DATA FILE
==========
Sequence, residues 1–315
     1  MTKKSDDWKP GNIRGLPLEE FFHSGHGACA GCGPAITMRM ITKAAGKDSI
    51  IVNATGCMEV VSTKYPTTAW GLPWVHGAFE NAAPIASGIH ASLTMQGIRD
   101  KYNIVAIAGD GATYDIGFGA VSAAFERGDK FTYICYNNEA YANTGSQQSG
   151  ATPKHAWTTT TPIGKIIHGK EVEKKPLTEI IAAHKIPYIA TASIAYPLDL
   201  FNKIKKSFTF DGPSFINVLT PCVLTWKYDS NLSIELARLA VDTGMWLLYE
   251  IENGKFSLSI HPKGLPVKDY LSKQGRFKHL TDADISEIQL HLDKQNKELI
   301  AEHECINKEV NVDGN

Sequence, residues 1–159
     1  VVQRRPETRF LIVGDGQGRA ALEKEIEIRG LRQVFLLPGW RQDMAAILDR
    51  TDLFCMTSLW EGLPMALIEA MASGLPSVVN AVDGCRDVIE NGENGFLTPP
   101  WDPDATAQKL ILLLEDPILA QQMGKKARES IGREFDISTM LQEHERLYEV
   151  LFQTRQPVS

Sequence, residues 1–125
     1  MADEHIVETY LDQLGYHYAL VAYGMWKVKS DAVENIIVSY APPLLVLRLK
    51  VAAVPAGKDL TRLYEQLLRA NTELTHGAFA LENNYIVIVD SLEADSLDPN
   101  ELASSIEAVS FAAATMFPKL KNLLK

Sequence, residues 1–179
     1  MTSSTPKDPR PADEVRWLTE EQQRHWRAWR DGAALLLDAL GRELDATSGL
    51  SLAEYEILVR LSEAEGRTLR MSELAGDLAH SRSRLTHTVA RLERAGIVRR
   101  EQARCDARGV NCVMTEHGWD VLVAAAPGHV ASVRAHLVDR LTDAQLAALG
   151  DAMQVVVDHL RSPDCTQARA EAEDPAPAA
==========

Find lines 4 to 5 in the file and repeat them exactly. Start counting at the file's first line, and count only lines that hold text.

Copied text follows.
   101  KYNIVAIAGD GATYDIGFGA VSAAFERGDK FTYICYNNEA YANTGSQQSG
   151  ATPKHAWTTT TPIGKIIHGK EVEKKPLTEI IAAHKIPYIA TASIAYPLDL